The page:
Debt leverage can have different origins: bank, family or third-party via the use of a specialised private equity (PE) fund. Bringing in an investment vehicle such as this facilitates financial support for the operation in some cases and requires planning for the final exit. For this equity-related strategy, it is vital that shareholders and managers accompany the future development. In addition, the taking-over holding company can be financed with convertible bonds. In this case, the seller and head of the business, instead of taking out a vendor or family loan, can opt for these instruments to finance the buyout and exercise their conversion right at term (or before) and regain control, if necessary, especially in the event of unforeseen circumstances.
The key stage of debt (often between 5 and 7 years) taken on by the taking-over holding company is paid off until its term thanks to the recurrent cash flow of the operational company bought out.
It is the dividend distributions paid by the daughter to its tax-neutral parent company that will be the primary source of deleveraging. Often part of the company's available cash is used to finance takeover of the family business. Deductibility of the interest on the loan(s) taken out can also tend to produce a certain tax neutrality, subject to compliance with the rules on recapture and deductibility limits.
The terms of repayment of the debt, whether amortising or mezzanine, are essential and must be established in accordance with the repayment capacity and solvency of the operational company acquired.
Selling and transferring are suited to the Luxembourg environment. Thus, it is possible to sell one's business to oneself, with or without the involvement of the family, by gradually or partially giving away shares in the business depending on the degree to which the family is involved. Ultimately, the historical shareholder recovers all or part of the transfer price of their operational company in a favourable framework while retaining control (alone or with the family), with the possibility of using the cash received to diversify their assets and investments, or to develop their personal projects.
The potential of these transfers is interesting, but precautions must be taken and prudent structuring that takes into consideration the legal, fiscal and financial aspects is essential. Many factors must be taken into account beforehand for the financial part to be carried out successfully, including good economic profitability, sufficient development capacity and cash flow generation, or even surplus cash.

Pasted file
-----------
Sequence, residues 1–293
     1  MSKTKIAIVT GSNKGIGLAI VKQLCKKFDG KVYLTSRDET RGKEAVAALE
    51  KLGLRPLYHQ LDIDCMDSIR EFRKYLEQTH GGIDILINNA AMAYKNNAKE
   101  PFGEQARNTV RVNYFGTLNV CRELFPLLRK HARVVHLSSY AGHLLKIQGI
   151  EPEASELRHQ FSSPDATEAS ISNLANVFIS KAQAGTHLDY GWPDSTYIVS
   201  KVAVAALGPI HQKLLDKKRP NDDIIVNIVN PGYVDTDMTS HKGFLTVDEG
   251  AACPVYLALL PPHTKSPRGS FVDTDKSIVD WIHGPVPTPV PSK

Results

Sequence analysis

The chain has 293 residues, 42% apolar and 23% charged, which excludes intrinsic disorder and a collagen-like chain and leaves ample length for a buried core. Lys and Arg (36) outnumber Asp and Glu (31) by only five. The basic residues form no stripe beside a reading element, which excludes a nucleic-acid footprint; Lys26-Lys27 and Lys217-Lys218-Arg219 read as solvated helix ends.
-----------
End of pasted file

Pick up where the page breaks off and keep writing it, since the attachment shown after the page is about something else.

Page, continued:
Finally, business transfer is a made-to-measure topic in which each participant has an added value to propose to complement the generic framework set out above.
 Art 22 bis and 102 Luxembourg Income Tax Law (LIR)
 Article 787 B of the French General Tax Code (CGI) - Exemption from transfer duties on gifts up to 75% of the value of the rights transferred, provided the shares received are kept. “Facilitator” holding companies are allowed by the scheme.
 “Significant” shareholding if > 10% of the share capital held in the 5 years prior to the transfer.
 Art 156 of the LIR: Non-residents, on the other hand, are taxable if they have resided in Luxembourg for more than 15 years and have transferred their tax domicile less than 5 years ago.
 Pursuant to the favourable dividend regime known as “parent-daughter”. A tax consolidation of the group can also maximise the above-mentioned effect.
 Subject to the limits of Articles 166 and 168 bis LIR
Whether they are commercial, craft or industrial - SMEs, 70% of which are family businesses, are an essential component of the Luxembourg economy. However, the question of their transmission is becoming increasingly important. In the next ten years, many owners and managers will have reached retirement age, but few have really anticipated the end of their activities. Here are the key points to watch out for as an owner or manager of a family business.
There is no easy answer. Implementing governance in family businesses can indeed be complicated, as emotions linked to family ties tend to drive decisions where more objectivity is needed. These pitfalls can be a hindrance to the rational transfer or divestment of a business. How can you avoid them if you are the transferring manager?